S&P vs Nominal GDP and the P/E10 Ratio
Well, I was literally just bored last Saturday evening around midnight when I was looking at this data and I decided to pull something from our good friend, the P/E10, Ratio which basically takes out the short term fluctuations in stock price and earnings to show the long term, 10 year average of P/E ratio in a stock market. For more information on that, read the link below…this is something we at MGO take a look at a lot and from the looks of it, this is why we believe we still have some up and down behavior to go over the coming few years.
Anyway, so what I did was take the S&P/Nominal Ratio and even it out with 10 year averages to see where that curve was going to land and something interesting happened….
Now, if you look, this makes the chart looking like a moving average graph, which it basically is. The points A, B, and C are points at which the 10 year average crossed the ongoing quarterly closing average. Now…for the dates at which these points occurred…
Point A: January 1965
Point B: October 1984
Point C: October 2001
Do these dates look familiar to anyone? Yep…they are eerily close to the dates at which started either a secular bear or a secular bull market.
If you recall above (or just scroll up), 1968 was the start of a secular bear market. In this chart, point A is where the 10 year average went ABOVE the then current S&P/Nominal GDP ratio and it remained there until Point B, which is October 1984. Now, the secular bull that started in 1982 was thought to have started in August of 1982, so it is still 2 years behind BUT the hard part about secular bears and bulls is that we usually don’t realize we are into them until years into them. For example, I didn’t start hearing about being in a secular bear until 2008 when the markets started to crash and people realized that this wasn’t just a short term blip.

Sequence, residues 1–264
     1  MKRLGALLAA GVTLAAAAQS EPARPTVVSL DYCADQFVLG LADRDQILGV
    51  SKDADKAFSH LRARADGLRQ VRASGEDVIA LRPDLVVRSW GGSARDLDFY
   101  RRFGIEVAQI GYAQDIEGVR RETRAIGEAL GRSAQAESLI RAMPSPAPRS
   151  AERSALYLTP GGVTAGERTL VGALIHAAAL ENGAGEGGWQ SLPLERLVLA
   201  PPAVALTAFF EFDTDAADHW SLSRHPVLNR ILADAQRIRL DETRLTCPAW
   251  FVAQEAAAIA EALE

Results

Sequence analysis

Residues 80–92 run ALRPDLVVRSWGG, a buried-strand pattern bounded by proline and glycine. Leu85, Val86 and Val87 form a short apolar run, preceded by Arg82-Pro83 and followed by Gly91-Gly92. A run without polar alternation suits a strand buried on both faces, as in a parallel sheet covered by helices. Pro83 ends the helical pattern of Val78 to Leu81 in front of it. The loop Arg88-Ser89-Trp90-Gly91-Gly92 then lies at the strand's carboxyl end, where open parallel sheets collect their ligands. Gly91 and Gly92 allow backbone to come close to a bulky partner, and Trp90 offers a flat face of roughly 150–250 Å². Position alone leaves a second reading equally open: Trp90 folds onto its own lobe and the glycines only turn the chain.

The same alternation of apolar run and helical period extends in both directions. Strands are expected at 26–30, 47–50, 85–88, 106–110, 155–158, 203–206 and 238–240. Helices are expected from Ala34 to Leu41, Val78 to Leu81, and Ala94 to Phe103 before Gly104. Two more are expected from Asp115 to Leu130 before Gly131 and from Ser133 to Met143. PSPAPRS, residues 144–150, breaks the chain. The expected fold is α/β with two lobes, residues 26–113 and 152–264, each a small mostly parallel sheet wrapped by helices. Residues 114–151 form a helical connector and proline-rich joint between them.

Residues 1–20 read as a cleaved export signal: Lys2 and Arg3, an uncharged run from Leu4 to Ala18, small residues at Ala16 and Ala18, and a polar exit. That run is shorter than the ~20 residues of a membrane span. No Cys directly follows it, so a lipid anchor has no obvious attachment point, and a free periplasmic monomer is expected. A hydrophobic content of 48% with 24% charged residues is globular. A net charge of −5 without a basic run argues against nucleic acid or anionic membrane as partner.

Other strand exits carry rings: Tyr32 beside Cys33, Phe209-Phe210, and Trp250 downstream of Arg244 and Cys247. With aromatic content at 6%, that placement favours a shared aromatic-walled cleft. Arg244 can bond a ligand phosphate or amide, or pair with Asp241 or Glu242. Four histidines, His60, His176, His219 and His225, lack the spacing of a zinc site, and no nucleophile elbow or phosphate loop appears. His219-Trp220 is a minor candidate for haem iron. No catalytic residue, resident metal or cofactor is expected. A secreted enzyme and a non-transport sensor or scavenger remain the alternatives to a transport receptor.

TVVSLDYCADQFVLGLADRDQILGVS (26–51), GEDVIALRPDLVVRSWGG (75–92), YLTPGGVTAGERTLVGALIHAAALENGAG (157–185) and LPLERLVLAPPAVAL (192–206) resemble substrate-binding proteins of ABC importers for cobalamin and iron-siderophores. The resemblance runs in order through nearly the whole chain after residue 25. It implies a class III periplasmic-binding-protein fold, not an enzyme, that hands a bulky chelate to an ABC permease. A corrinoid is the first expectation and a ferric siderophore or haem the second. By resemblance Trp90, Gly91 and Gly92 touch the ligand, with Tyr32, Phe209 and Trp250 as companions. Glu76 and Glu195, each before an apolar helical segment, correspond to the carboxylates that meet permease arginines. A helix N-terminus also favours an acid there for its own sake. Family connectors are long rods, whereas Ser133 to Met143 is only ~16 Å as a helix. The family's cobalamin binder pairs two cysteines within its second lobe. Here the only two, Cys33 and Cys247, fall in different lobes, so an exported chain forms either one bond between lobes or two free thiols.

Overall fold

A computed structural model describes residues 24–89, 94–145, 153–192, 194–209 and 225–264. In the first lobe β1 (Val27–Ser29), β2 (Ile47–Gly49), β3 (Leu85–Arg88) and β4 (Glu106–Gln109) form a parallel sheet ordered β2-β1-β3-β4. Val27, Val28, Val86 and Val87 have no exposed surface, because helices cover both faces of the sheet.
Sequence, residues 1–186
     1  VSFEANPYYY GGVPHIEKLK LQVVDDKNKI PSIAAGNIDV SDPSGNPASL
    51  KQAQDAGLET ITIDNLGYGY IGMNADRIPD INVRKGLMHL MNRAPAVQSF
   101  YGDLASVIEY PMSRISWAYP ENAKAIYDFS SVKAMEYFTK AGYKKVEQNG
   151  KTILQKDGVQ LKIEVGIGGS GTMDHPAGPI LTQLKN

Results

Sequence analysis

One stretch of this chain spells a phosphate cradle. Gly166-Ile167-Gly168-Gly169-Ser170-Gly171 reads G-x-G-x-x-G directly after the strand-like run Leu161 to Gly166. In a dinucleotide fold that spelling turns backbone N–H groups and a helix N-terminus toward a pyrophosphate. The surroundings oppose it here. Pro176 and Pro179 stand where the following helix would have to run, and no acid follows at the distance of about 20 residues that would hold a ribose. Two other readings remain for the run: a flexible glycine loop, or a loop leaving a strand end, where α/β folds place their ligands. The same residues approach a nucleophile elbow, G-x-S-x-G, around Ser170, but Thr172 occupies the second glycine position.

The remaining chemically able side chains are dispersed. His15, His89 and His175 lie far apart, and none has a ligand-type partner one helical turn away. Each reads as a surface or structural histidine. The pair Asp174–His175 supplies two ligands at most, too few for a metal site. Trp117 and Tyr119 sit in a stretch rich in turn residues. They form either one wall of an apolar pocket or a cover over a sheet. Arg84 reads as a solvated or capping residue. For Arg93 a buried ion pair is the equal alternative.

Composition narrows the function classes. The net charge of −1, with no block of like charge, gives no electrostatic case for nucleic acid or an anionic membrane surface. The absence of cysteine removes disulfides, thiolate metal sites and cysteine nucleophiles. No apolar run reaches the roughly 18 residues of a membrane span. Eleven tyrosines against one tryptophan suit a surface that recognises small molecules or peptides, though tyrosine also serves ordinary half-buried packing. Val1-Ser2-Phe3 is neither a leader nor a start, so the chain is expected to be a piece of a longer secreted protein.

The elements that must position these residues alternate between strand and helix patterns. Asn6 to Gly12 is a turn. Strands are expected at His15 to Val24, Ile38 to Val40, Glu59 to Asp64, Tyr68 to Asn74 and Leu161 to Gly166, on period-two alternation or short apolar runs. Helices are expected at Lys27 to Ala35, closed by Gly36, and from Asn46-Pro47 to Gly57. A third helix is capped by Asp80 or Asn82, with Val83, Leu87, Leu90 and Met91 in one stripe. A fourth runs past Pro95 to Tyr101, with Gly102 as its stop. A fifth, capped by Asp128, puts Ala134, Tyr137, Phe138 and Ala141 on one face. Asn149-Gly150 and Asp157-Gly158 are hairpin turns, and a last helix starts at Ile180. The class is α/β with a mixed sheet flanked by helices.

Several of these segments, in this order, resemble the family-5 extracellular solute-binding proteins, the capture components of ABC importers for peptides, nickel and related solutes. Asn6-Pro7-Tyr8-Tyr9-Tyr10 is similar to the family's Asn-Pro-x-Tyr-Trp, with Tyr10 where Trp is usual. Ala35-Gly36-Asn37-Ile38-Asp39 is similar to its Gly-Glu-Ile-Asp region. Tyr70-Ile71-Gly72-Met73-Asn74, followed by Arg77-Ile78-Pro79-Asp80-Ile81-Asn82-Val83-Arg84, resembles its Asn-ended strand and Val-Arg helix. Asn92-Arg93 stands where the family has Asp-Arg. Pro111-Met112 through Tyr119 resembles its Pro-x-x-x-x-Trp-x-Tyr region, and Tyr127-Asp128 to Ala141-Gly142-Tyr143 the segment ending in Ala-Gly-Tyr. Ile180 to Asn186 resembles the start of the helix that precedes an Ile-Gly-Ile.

Going on, Point C is in October 2001. Many consider March 2000, which was the high of the market, to be the start of the secular bear market, so again, we are over a year past, but for a long time, even now, people still think we are going to be in a normal recovery and are in denial that we are in a secular bear market.
Predicting Secular Markets
Now, does this mean that you should buy or sell ONLY at those points? Absolutely not. Look at January 2009. At that point, the value of the S&P/Nominal GDP index was 556, which was 31% lower than the historical average! I don’t care that the 10 year average was still above the current average…it was still a GREAT time to buy, with today as the reference point. There are still opportunities, especially during secular bear markets, where you can make good money over the long term by buying during bad times, like end of 2008 thru early 2009.
What this chart can show is where the LONG term prospects of the stock market are looking. Remember, the stock market doesn’t go up or down based on value in the short term. It goes up and down based on people’s perception of value, which can be horribly inaccurate and emotional. Secular bulls tend to start when people think that you can’t make money in stocks anymore and secular bears start when people think that the stock market has nowhere to go but up! (Re-read this because this may be counterintuitive to a lot of people reading this blog) Think back to recent history. In March 2000, people complained if their portfolios weren’t up 35% each year! And think about March 2009…people cried that the Dow was going to go to 4000 or lower and the S&P was going to hit 400. Did either one of those happen? Nope.
To wrap this up, being able to identify the start of secular bull and bear markets can be VERY lucrative long term. Market timing is very difficult and I am not claiming to have found the secrets to it, but I will say that the S&P 500 vs. GDP data was really was interesting and was kind of an “ah ha!” moment for me when I saw the chart. I’d love to hear your comments on this matter.